LAST MEETING: Lakeland 20, Rhinelander 14 - Sept. 16, 2016
WHAT'S AT STAKE: The Northwoods Axe. It's the third time the schools have played for the Axe, a trophy trade idea created by the schools in conjuction with The Lakeland Times and The Northwoods River News. Lakeland has won each of the first two Axe Games after Rhinelander turned the ball over deep in Lakeland territory driving for a potential game-winning touchdown late in the fourth quarter of both contests. Also at stake is avoiding the Great Northern Conference basement. The loser of this game will be relegated to sole possession of last place in the GNC.
NOTEABLE: Since the two teams renewed their rivalry in 2005, Lakeland is 10-3 in the series ... Rhinelander - which snapped a 23-game GNC losing streak last week - is looking for back-to-back wins in the conference for the first time since 2012, when it beat Ashland and Lakeland in succession.
It's the final week of the football season for Lakeland Union High School. It's the eighth in a row that won't include a playoff game, but there is still something to play for this week.
It's Axe Week, the Northwoods Axe that is. Lakeland and Rhinelander are once again set to reignite a bitter rivalry, one that Lakeland has largely controlled in recent years.
The Thunderbirds have won the last five games against the Hodags - including both Axe games since the trophy was created in 2015 - and have won 10 of the 13 games since the rivalry was restarted in 2005.
Perhaps even more incentive to win this game is that the loser will finish in last place in the Great Northern Conference.
That spot has been reserved for Rhinelander since 2014, but the Hodags are riding high after using a goal line stand to beat Ashland last week, snapping a 23-game losing streak in conference play.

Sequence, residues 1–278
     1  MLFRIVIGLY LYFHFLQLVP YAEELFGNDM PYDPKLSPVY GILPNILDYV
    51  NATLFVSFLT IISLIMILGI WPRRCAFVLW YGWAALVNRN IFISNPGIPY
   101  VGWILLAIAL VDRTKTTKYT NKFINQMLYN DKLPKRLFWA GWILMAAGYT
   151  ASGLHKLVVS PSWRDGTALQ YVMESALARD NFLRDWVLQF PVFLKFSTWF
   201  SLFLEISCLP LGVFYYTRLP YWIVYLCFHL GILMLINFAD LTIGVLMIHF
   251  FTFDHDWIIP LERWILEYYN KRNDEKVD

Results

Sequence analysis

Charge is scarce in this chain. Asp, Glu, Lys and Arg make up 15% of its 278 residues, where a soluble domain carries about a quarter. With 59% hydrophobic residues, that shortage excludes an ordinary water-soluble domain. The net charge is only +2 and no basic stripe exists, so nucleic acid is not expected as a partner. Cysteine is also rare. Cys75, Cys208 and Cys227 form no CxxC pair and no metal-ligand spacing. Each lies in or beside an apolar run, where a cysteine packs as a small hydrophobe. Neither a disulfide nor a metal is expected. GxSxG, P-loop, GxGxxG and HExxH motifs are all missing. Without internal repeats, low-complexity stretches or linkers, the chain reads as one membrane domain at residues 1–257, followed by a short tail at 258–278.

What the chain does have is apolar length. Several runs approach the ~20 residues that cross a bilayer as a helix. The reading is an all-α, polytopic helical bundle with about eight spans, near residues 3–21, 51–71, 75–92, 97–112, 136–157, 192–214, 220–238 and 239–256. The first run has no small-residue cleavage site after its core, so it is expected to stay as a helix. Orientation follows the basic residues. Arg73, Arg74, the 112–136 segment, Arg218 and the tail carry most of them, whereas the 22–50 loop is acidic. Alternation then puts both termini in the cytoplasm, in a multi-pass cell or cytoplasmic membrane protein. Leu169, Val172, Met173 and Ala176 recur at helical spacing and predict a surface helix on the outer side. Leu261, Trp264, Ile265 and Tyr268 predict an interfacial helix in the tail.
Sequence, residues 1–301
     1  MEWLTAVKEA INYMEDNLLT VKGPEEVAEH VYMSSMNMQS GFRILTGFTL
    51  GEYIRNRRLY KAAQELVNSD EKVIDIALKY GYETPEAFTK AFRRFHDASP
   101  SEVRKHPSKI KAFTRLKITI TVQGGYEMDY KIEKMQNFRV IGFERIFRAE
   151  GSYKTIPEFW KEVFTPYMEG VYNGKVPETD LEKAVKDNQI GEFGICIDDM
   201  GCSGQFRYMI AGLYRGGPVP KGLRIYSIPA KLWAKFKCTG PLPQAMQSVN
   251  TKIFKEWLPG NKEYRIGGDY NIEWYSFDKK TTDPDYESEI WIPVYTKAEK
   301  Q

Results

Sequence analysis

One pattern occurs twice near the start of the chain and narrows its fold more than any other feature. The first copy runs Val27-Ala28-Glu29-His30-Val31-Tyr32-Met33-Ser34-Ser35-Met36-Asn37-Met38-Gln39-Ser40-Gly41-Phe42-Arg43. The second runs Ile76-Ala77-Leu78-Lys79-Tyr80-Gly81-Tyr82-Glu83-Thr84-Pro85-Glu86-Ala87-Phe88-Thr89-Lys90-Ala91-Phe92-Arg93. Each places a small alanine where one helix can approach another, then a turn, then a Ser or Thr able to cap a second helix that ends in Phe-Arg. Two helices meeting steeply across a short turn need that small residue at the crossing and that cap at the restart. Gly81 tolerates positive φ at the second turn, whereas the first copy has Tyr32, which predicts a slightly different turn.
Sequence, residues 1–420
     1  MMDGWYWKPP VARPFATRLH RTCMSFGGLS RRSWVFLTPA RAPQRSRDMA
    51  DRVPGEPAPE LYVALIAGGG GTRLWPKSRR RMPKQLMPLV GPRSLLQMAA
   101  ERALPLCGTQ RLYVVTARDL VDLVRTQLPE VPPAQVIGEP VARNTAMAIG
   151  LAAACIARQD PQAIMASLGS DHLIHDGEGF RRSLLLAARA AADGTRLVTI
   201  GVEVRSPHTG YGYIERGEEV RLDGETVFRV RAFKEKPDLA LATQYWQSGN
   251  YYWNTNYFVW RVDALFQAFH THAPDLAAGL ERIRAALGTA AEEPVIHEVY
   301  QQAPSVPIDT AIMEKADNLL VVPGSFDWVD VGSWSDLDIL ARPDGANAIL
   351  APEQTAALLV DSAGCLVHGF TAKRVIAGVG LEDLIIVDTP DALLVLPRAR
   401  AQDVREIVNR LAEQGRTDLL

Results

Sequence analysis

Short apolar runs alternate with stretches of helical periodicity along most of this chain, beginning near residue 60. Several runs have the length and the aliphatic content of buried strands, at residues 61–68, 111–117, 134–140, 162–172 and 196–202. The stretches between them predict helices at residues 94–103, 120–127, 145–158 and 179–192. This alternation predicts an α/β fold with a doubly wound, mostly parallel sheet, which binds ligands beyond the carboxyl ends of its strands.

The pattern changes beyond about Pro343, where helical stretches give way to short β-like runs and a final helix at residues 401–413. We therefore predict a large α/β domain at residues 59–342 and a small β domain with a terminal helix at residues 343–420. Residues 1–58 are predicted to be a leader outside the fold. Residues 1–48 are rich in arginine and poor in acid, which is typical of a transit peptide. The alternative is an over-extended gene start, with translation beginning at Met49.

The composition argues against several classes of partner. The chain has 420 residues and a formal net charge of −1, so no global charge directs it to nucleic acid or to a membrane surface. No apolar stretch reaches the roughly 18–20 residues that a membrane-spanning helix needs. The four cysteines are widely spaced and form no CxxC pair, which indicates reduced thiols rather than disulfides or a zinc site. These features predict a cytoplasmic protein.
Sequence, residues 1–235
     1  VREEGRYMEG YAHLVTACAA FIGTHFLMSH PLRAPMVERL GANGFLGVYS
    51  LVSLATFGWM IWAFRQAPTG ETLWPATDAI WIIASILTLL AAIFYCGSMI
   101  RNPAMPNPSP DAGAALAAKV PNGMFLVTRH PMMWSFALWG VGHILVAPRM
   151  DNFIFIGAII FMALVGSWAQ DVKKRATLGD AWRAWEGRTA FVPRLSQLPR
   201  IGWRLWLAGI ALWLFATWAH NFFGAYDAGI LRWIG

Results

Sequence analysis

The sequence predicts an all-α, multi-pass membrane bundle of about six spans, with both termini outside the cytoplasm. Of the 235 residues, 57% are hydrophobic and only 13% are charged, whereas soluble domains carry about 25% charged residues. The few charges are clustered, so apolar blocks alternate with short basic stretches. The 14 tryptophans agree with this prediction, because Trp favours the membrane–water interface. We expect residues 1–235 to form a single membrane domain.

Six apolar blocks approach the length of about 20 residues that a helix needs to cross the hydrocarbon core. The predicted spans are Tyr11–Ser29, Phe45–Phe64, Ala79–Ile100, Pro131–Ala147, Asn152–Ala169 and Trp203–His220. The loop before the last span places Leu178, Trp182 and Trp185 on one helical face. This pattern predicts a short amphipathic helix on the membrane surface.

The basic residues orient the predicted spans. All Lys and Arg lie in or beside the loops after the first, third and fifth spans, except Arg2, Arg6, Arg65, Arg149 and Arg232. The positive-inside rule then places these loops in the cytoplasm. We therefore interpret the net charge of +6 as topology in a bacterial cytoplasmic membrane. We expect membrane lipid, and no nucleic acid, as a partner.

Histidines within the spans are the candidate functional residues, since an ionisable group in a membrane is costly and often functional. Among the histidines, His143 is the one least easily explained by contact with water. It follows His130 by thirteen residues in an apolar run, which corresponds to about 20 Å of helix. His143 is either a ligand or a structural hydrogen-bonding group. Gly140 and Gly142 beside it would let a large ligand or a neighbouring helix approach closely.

"There are only 48 minutes left to play with this team and the coaching staff that we have," LUHS head coach Dan Barutha said. "There are a lot of fleeting opportunities in life and this is a situation where I want to make sure the guys - especially the seniors - really enjoy every minute of practice because, for some of them, this is the last time they'll ever be able to play competitive football for the rest of their lives.
"There's nothing like Friday night lights," Barutha continued. "It's a tremendous opponent and a great opportunity to play for the Northwoods Axe, but also to play a team we're very familiar with."
A season that was once fueled by high expectations hit rock bottom last Friday night in Northern Michigan University's Superior Dome, losing to Marquette 55-6.
The T-Birds entered the game down 10 starters due to injuries, no playoff aspirations and some - not all - played that way.
This week may be one of the most informative for Barutha during his coaching tenure at Lakeland.
Good programs, in any sport, have players who come to play every week, regardless of the situation or score.
"You're only as strong as your strongest leader and your weakest link and the two need to be in unison to have a really strong program," Barutha said. "Our sophomores that have worked hard, they have been able to get some early playing opportunities and going into next year, they won't be shocked at what varsity football and the game speed is all about."